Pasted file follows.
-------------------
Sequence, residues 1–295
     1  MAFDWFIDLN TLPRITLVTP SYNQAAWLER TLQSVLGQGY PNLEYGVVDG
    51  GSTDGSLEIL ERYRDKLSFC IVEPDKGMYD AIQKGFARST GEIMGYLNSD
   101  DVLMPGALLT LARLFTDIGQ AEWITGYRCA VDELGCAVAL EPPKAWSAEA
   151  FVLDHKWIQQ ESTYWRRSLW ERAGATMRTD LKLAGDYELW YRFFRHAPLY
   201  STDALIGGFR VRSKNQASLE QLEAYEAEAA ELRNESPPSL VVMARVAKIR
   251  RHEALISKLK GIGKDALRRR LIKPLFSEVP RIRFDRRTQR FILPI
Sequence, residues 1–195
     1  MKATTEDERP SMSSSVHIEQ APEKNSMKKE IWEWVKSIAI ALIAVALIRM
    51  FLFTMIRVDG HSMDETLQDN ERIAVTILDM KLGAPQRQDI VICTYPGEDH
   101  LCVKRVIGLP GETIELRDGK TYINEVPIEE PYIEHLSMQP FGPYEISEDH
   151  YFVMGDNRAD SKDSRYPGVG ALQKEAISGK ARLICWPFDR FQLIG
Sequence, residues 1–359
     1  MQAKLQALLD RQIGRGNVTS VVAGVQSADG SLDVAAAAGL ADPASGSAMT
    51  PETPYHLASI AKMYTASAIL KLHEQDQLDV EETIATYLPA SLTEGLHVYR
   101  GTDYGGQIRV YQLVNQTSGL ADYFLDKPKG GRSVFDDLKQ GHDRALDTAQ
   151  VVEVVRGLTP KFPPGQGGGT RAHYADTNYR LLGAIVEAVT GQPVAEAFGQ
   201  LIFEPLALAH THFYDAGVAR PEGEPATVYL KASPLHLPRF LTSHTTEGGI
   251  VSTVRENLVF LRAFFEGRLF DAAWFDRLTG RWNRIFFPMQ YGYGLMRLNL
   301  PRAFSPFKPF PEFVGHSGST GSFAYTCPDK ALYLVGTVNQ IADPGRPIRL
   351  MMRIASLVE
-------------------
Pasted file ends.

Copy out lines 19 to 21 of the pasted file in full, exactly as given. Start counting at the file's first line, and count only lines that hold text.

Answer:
   251  VSTVRENLVF LRAFFEGRLF DAAWFDRLTG RWNRIFFPMQ YGYGLMRLNL
   301  PRAFSPFKPF PEFVGHSGST GSFAYTCPDK ALYLVGTVNQ IADPGRPIRL
   351  MMRIASLVE